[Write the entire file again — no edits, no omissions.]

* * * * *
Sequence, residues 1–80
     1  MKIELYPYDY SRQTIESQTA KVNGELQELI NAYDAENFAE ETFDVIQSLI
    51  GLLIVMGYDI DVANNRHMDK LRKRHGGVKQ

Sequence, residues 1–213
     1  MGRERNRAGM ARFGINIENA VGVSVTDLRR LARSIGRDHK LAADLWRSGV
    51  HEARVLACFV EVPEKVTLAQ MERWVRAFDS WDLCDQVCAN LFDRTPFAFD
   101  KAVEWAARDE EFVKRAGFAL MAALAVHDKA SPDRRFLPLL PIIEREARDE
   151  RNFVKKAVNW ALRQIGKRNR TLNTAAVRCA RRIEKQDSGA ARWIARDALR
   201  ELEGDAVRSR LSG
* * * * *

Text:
Sequence, residues 1–80
     1  MKIELYPYDY SRQTIESQTA KVNGELQELI NAYDAENFAE ETFDVIQSLI
    51  GLLIVMGYDI DVANNRHMDK LRKRHGGVKQ

Sequence, residues 1–213
     1  MGRERNRAGM ARFGINIENA VGVSVTDLRR LARSIGRDHK LAADLWRSGV
    51  HEARVLACFV EVPEKVTLAQ MERWVRAFDS WDLCDQVCAN LFDRTPFAFD
   101  KAVEWAARDE EFVKRAGFAL MAALAVHDKA SPDRRFLPLL PIIEREARDE
   151  RNFVKKAVNW ALRQIGKRNR TLNTAAVRCA RRIEKQDSGA ARWIARDALR
   201  ELEGDAVRSR LSG